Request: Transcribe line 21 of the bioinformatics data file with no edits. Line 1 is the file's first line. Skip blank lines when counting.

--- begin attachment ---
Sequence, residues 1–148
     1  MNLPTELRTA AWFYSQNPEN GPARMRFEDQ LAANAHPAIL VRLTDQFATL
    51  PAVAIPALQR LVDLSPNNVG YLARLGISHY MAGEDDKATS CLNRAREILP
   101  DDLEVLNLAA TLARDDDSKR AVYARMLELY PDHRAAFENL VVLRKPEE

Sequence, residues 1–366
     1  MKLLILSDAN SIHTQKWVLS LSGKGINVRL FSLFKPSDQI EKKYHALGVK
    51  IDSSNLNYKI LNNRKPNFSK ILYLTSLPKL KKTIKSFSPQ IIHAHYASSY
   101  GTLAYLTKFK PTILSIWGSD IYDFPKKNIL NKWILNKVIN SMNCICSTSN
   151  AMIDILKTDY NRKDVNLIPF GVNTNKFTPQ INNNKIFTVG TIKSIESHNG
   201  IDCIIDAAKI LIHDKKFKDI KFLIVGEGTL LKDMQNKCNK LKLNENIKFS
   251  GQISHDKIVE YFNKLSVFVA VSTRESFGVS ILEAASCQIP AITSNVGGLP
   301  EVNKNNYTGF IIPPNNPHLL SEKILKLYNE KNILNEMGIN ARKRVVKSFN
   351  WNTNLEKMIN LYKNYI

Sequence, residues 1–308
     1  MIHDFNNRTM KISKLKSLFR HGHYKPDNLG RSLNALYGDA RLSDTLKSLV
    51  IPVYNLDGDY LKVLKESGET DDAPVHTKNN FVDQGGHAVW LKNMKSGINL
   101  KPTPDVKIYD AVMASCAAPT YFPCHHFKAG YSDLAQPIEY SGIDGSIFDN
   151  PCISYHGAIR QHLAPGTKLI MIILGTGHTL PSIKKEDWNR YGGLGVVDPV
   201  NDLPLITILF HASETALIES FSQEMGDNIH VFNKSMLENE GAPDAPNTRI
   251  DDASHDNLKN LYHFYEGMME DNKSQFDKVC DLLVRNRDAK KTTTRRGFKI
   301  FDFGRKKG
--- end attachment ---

   301  FDFGRKKG